Fresh off a funding round, low-fee, Colorado brokerage Trelora has started outing commission data — again. The company is revealing how much compensation listing agents are offering buyer’s agents through the MLS. Registered users can access the data on Trelora’s website.
- In 2015, Colorado low-fee brokerage Trelora briefly published the compensation offered to buyer’s agents by listing brokers, and now the brokerage is doing it again.
- Trelora says it wants to spread awareness that buyer's agents' compensation is negotiable.
- To comply with MLS rules, Trelora is only making commission data available to consumers who fill out a non-exclusive, non-binding buyer’s agency agreement online.
Fresh off a funding round, low-fee Colorado brokerage Trelora has started outing commission data — again.
The company is revealing how much compensation listing agents are offering buyer’s agents through the MLS. Registered users can access the data on Trelora’s website.
The move is likely to rankle some in the industry, just as a previous attempt to display the data did in 2015.
“I’m sure we’ll take flak,” said CEO Joshua Hunt. “The industry is scared to death of us.”
Trelora — which charges all buyers a flat fee of $2,500 to $3,000, depending on service level — closed more than 700 transactions through the MLS in 2016, up by around 30 percent from the previous year, according to Hunt.
He added that the brokerage also did “not a shameful number” of deals off the MLS, but declined to disclose the exact number.
By shining a light on commission data, Trelora wants to spread awareness that buyer’s agents’ commissions are negotiable.
“This is a step of educating buyers … that you don’t have to let your buyer’s agent receive 2.5 or 3 percent,” Hunt said.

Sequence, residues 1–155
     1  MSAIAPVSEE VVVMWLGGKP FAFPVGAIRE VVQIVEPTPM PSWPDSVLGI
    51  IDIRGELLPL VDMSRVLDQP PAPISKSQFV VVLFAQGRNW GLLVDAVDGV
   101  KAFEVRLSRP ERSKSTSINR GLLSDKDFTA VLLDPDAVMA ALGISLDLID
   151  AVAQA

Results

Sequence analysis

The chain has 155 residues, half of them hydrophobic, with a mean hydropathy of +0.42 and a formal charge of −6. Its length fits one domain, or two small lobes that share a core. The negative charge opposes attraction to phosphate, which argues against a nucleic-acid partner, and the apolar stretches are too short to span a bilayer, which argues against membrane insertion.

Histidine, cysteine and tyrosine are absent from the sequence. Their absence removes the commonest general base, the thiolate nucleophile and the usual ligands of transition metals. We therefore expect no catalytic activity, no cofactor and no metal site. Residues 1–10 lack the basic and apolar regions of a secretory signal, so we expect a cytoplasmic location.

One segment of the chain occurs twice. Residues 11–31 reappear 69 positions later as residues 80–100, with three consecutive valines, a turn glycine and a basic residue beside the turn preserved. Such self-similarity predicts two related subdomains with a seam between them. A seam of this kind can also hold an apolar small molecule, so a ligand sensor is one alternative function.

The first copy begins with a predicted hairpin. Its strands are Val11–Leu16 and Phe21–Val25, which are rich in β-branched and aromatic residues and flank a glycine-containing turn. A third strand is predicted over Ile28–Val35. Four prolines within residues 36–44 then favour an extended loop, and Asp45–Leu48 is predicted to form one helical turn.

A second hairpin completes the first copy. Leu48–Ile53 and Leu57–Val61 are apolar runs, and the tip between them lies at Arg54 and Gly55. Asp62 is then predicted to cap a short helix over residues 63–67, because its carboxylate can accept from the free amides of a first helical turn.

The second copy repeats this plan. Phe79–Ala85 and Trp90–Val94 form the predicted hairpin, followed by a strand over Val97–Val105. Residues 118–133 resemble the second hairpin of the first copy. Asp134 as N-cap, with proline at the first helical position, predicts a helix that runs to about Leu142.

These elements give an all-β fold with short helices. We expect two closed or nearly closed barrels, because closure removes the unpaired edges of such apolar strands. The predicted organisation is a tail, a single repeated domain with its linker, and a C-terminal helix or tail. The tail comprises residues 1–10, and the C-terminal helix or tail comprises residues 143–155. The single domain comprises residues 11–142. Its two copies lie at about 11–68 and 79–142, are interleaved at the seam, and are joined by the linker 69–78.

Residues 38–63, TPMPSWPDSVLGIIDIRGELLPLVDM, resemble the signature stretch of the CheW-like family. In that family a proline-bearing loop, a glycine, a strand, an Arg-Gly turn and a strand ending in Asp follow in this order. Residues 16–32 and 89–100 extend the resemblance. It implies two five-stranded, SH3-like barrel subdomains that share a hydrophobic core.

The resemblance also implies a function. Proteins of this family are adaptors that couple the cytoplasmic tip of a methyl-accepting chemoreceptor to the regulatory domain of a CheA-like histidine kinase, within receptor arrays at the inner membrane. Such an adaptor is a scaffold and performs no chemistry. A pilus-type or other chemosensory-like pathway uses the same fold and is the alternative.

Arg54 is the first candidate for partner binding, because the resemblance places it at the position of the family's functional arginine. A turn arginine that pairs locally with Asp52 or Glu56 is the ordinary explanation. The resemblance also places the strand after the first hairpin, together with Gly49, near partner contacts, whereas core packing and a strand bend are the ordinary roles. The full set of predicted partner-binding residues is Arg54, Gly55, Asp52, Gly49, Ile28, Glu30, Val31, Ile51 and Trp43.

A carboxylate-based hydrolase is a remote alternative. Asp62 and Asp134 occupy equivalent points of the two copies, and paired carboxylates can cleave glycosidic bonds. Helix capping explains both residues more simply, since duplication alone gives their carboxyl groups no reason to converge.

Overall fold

The last attempt, and what’s different
In 2015, Trelora made waves by publishing commission data on its website for all visitors to see.
But the startup quickly removed the data once the local MLS, REcolorado, sent a cease-and-desist letter. The letter alleged that Trelora had violated rules that govern the internet data exchange (IDX) feeds that local brokers use to display listing data on their websites.
This time, Trelora is only making the data available to consumers who sign a non-binding and non-exclusive buyer’s agency agreement by checking a box and registering a name, email address and phone number on the brokerage’s website.
“The argument was that we couldn’t disclose information to people we were not representing, and so we have built a special terms of service and agreement with the Colorado real estate buyer agency agreement,” he said.
Trelora also “built the database and code in such a way that that we’re honoring the agreement with IDX and REcolorado,” Hunt said.
Trelora has been in close contact with REcolorado, and the MLS is aware of how Trelora is showing commission data, he added.
REcolorado spokeswoman Deborah Shipley told Inman via email that the MLS is “currently reviewing” the commission information on Trelora’s site, and doesn’t currently see a violation of the National Association of Realtors’ “model rules.”
“Over the next several weeks, we will be thoroughly reviewing Trelora’s site to ensure it does indeed adhere to our rules,” she added, to include consulting with NAR and REcolorado’s legal counsel.
Visitors to trelora.com listings see a blacked-out number next to text that sits beneath a property’s asking price. The text reads: “Commission Offered.”
Visitors can click a question mark and sign up to unlock the information.
Users are also encouraged to register beneath a listing’s photo gallery, so they can see how much they would save on commission by using a Trelora agent. The site dangles the hidden information with the come-on “Expose Commissions” tab.
Visitors who register often learn that they will purportedly save tens of thousands of dollars if they buy with Trelora rather than with an agent who collects a listing’s full offer of compensation.
For example, a $1.595 million listing that offers a 2.8 percent commission to buyer’s agents informs registered users that they would save $42,160 by using a Trelora agent (assuming the traditional agent wouldn’t rebate any of the buy-side commission to their client).
By serving up data consumers can’t easily access elsewhere, Trelora expects to attract more prospective buyers to its website, potentially generating new business for the brokerage.
Trelora closed a $4.4 million funding round in mid-December and plans to expand, though Hunt declined to reveal any of the markets in its crosshairs.